Craig rallies Ulster loyalist opposition to Irish Home Rule in Ulster before World War I, organising the paramilitary Ulster Volunteers (UVF) and buying arms from Imperial Germany. The UVF becomes the nucleus of the 36th (Ulster) Division during World War I. He succeeds Edward Carson as leader of the Ulster Unionist Party in February 1921.

In the 1921 Northern Ireland general election, the first ever, Craig is elected to the newly created House of Commons of Northern Ireland as one of the members for Down.

On June 7, 1921, Craig is appointed the first Prime Minister of Northern Ireland by the Lord Lieutenant of Ireland. The House of Commons of Northern Ireland assembles for the first time later that day.

Craig is made a baronet in 1918, and in 1927 is created Viscount Craigavon, of Stormont in the County of Down. He is also the recipient of honorary degrees from Queen’s University Belfast (1922) and the University of Oxford (1926).

Craig had made his career in British as well as Northern Irish politics but his premiership shows little sign of his earlier close acquaintance with the British political world. He becomes intensely parochial, and suffers from his loss of intimacy with British politicians in 1938, when the British government concludes agreements with Dublin to end the Anglo-Irish trade war between the two countries. He never tries to persuade Westminster to protect Northern Ireland‘s industries, especially the linen industry, which is central to its economy. He is anxious not to provoke Westminster, given the precarious state of Northern Ireland’s position. In April 1939, and again in May 1940 during World War II, he calls for conscription to be introduced in Northern Ireland (which the British government, fearing a backlash from nationalists, refuses). He also calls for Winston Churchill to invade Ireland using Scottish and Welsh troops in order to seize the valuable ports and install a Governor-General at Dublin.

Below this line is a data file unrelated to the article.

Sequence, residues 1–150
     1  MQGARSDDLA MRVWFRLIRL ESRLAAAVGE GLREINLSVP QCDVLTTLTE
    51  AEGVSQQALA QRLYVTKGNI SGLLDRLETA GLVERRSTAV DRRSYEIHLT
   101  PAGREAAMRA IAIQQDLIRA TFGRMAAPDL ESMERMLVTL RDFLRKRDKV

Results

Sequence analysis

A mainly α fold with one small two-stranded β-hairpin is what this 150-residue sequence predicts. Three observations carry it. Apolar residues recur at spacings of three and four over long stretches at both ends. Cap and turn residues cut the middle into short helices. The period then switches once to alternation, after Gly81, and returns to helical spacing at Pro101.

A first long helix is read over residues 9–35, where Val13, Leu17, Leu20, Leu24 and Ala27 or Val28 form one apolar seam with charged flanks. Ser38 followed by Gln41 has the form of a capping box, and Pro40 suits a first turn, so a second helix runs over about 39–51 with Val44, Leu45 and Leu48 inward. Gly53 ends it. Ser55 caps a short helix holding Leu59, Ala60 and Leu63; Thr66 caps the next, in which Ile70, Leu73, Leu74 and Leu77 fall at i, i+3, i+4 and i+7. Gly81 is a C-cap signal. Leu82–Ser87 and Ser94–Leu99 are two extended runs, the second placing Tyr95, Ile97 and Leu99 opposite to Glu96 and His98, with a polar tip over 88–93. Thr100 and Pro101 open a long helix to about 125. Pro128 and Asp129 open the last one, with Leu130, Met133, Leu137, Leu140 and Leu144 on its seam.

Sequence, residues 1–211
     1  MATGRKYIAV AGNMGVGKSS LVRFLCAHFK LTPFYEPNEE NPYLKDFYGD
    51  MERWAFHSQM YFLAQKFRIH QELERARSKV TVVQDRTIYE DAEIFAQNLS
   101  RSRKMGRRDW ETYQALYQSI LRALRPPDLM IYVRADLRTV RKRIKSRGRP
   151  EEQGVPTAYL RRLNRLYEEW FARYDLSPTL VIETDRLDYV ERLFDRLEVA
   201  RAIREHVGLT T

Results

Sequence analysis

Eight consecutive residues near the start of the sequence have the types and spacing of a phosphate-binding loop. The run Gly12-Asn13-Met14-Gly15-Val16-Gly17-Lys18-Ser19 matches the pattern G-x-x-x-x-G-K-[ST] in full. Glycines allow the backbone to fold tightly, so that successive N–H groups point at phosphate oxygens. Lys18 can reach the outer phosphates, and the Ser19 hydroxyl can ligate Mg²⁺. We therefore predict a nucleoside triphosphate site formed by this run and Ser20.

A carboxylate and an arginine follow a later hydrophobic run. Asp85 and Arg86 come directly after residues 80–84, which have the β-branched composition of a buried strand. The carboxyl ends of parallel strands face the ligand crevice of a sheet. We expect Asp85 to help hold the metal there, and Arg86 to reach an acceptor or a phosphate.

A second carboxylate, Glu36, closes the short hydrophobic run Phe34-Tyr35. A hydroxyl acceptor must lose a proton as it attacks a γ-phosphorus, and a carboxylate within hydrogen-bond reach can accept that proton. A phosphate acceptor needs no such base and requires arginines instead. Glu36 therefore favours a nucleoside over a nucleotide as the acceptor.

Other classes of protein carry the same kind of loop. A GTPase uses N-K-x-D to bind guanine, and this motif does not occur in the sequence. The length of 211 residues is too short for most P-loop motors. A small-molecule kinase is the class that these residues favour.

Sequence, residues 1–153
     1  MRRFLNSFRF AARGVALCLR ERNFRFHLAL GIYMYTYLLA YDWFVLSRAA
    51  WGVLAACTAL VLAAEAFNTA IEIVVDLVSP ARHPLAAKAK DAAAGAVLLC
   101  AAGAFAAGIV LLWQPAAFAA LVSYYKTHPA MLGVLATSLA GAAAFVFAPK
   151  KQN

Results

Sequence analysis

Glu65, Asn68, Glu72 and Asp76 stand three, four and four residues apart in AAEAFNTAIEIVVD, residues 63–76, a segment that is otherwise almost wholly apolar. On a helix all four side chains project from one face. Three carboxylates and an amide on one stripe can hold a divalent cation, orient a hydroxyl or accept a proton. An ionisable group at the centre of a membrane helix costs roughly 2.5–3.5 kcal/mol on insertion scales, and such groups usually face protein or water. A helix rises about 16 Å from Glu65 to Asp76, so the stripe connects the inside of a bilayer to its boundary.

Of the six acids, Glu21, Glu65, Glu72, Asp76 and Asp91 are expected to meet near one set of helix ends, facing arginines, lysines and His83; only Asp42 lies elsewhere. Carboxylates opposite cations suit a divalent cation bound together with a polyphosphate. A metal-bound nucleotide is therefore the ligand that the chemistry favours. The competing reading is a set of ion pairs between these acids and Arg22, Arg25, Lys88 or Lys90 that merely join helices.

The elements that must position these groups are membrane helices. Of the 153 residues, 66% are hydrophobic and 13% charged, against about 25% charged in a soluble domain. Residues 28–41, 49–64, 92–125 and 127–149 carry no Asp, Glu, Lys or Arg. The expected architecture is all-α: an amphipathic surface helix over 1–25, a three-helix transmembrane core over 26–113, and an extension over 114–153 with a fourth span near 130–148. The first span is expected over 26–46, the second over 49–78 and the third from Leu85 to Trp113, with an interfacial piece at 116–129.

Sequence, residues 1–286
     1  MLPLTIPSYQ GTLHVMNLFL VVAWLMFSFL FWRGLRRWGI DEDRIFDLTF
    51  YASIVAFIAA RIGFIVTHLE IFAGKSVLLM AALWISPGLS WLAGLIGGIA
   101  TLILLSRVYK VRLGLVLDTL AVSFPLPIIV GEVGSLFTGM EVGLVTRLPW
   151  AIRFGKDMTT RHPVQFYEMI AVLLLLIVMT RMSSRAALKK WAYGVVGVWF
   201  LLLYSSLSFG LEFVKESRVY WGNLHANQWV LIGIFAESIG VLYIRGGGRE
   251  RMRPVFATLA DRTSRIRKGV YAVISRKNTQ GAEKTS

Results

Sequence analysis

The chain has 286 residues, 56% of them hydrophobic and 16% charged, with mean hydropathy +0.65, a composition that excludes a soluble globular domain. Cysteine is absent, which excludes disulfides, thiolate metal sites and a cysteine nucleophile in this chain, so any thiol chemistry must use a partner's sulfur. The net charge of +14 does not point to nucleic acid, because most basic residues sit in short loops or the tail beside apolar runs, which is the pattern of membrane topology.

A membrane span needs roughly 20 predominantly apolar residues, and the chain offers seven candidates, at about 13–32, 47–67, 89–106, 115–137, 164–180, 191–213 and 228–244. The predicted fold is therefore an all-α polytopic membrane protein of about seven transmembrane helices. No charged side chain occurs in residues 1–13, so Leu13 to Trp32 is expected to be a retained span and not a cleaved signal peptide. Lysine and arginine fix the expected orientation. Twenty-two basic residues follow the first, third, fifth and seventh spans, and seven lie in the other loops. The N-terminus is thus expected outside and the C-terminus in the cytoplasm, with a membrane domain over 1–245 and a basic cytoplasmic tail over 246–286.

While still prime minister, Craig dies peacefully at his home at Glencraig, County Down at the age of 69 on November 24, 1940. He is buried on the Stormont Estate on December 5, 1940, and is succeeded as the Prime Minister of Northern Ireland by the Minister of Finance, J. M. Andrews.

(Pictured: James Craig, 1st Viscount Craigavon, bromide print by Olive Edis, National Portrait Gallery, London)